2) I could try a full boil again, but keep the late extraction. It could be something with the water. Even though its distilled, bottled, and has no aroma, perhaps there is something funky. Keep everything else the same.

3) A combination of the 1 and 2.

If those don't yield anything, I think replacing the better bottle is all I can do. I clean everything with either onestep or starsan (tap water for onestep, distilled water for starsan), and if it was a bacteria issue I figured the saison would of caught it. Maybe having both chemicals around is bad?

What is also important here is how I transfer the barleywine to the glass carboy. If the problem is in my racking stuff, how do I make sure I don't corrupt the barleywine? I was thinking of getting new silicone tubing and doing it the "old fashioned way" without the cane, just starting a siphon with sanitizer.

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Old 08-18-2010, 05:24 PM   #2
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update: I tasted more of the barleywine. Its near finishing gravity (1.028, don't expect it to get much lower with an OG of 1.109!), lots of alcohol burn, but no plastic aroma or flavor. Even at room temp and left out to oxidize a bit. I don't believe the flavor is coming from my racking stuff since its all quite new. I ordered new tubing just in case.

Reading on the subject, people taste plastic or solvents from phenols. It can orginiate from water or from some wild yeasts. I use all bottled or distilled water in my brewing (but not with my onestep... could be an issue?), so I don't think its from the water. I didn't get this taste from the IPA when I took samples from the primary. It seemed to only develop in the secondary. I am starting to suspect infection from less-than-perfect sanitization. I live near the pacific ocean; bread goes moldy quite fast around here. If my racking wasn't perfect, or the fermented weren't squeaky clean, I could believe a minor infection developed in the beer, leading to this taste. Have people seen this in the secondaries?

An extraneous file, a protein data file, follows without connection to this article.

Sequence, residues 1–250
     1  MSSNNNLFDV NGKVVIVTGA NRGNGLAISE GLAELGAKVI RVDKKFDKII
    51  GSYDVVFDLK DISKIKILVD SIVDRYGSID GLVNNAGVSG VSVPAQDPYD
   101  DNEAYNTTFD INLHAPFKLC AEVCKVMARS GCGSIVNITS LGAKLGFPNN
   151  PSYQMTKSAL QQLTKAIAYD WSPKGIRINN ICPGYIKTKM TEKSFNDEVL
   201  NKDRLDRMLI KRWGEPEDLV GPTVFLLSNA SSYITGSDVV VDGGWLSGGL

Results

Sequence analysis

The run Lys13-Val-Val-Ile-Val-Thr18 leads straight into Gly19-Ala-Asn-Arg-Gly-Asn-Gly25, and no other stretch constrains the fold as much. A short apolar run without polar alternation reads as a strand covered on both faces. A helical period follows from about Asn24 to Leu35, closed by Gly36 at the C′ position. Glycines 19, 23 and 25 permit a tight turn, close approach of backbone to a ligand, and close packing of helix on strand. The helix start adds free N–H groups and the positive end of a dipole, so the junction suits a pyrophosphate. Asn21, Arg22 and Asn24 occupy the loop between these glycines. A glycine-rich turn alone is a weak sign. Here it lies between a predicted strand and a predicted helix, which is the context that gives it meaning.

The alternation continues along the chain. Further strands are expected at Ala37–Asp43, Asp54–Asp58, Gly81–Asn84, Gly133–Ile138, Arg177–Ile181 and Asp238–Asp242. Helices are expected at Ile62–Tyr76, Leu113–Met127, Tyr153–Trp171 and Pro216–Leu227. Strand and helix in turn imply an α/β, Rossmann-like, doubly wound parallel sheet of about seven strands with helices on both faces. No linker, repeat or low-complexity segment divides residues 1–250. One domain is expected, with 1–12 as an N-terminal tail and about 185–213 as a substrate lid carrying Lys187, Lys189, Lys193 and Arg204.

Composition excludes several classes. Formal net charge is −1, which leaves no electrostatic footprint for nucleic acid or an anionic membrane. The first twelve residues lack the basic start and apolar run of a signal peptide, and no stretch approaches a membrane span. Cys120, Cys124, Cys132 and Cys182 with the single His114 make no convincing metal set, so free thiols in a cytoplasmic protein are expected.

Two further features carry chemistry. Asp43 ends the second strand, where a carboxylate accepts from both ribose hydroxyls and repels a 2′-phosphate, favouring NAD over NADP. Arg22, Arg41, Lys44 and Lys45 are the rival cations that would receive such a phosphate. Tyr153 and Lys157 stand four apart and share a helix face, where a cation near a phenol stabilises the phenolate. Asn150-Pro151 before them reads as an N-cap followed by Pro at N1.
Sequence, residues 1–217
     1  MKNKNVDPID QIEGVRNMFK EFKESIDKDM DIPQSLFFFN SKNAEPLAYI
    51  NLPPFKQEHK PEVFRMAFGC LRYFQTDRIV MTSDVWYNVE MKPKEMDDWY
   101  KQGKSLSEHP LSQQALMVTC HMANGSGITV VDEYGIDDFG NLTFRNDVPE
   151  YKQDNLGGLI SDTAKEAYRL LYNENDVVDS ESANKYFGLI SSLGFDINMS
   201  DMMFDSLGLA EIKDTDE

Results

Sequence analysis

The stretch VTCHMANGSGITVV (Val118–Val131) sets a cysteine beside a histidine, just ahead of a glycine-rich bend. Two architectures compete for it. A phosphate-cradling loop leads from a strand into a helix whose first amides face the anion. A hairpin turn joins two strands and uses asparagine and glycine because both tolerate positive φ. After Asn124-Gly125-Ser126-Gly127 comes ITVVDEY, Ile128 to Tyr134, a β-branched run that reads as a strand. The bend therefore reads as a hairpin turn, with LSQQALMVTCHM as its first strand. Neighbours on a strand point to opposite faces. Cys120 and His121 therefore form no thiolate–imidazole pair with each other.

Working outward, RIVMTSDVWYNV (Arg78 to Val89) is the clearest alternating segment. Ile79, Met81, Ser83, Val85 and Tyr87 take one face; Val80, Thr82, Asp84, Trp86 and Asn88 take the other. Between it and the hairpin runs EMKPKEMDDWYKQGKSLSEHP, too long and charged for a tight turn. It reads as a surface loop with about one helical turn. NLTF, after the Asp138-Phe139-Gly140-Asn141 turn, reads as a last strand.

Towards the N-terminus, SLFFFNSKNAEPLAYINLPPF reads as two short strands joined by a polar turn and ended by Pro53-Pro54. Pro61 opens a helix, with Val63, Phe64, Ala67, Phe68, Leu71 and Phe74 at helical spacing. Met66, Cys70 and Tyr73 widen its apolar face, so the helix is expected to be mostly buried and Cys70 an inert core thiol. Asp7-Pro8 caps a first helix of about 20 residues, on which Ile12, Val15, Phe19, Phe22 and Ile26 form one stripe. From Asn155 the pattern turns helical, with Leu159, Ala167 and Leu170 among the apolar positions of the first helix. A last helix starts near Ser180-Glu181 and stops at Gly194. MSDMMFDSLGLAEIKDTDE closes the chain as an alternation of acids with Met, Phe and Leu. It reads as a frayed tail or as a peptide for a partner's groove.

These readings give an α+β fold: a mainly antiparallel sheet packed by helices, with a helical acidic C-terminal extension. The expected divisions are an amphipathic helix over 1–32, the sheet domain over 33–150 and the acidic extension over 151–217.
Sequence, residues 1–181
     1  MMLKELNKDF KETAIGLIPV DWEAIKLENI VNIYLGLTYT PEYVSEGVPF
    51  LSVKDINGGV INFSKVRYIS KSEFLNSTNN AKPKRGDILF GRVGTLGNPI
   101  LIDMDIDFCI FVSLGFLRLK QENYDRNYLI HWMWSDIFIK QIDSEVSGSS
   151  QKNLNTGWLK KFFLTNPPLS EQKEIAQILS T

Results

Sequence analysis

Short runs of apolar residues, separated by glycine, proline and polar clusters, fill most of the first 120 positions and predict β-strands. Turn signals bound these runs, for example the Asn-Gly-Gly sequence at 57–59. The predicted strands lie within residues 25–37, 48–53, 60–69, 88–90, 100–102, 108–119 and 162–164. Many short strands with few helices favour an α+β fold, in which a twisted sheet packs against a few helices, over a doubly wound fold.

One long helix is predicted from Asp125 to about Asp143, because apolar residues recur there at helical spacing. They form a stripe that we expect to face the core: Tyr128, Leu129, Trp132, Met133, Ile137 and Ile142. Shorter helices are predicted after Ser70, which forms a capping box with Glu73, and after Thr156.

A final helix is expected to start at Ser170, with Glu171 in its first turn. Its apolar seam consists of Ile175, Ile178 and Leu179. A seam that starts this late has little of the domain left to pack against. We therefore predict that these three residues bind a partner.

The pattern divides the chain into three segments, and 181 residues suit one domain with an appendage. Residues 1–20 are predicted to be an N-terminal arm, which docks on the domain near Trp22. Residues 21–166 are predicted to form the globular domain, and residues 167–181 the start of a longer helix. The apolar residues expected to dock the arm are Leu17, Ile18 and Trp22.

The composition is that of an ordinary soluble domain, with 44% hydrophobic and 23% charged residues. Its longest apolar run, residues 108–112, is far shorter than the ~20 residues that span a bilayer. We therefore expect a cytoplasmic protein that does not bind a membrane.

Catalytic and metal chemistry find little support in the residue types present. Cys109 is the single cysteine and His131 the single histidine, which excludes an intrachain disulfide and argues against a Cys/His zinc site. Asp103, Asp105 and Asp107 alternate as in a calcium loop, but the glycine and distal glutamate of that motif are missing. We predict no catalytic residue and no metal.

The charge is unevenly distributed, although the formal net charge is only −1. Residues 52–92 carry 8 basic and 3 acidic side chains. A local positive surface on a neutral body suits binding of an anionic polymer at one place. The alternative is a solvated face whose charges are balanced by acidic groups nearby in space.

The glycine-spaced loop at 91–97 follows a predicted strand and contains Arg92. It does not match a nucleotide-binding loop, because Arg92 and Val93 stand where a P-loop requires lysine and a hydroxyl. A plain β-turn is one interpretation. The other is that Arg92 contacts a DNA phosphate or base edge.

Given all my ideas, I may end up never finding the specific cause of this taste, but if it goes away, I wouldn't mind at all

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Old 08-19-2010, 01:12 AM   #3
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Sounds like it isn't the water. Probably a wild yeast infection.

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Old 08-19-2010, 01:40 AM   #4
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the only time I have had a 'plasticy' taste was when I bought new racking hose. now when I buy new hose I always boil it in some water first and it seems to help. just a thought.

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Old 08-19-2010, 01:47 AM   #5
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thinking about how it happens, I remember not being as keen on sanitization during the stout fermentation, especially when I racked it to a 2ndary. After the stout I stepped up my cleanliness; however, the IPA got dry hopped with a nylon bag. I sanitized it, I really cleaned the glass carboy, but its possible my manhandling of the bag into the carboy neck did the trick and contaminated it. That secondary reeked the most of all after I put the beer in the bottling bucket. The beer has quite smell, its not just plastic. Its can be sweet on the nose (I am not sure what "cooked corn" smells like), but plastic on the tongue. I took this to be the dry hopping, but now I feel its the manipulation of the hop bag. Its all starting to point to an infection...

It truly helps to write these ideas out! And now people and just search for them rather then the ideas locked away in an un-indexable hand written notebook! Ill keep this thread updated when I brew the IPA again.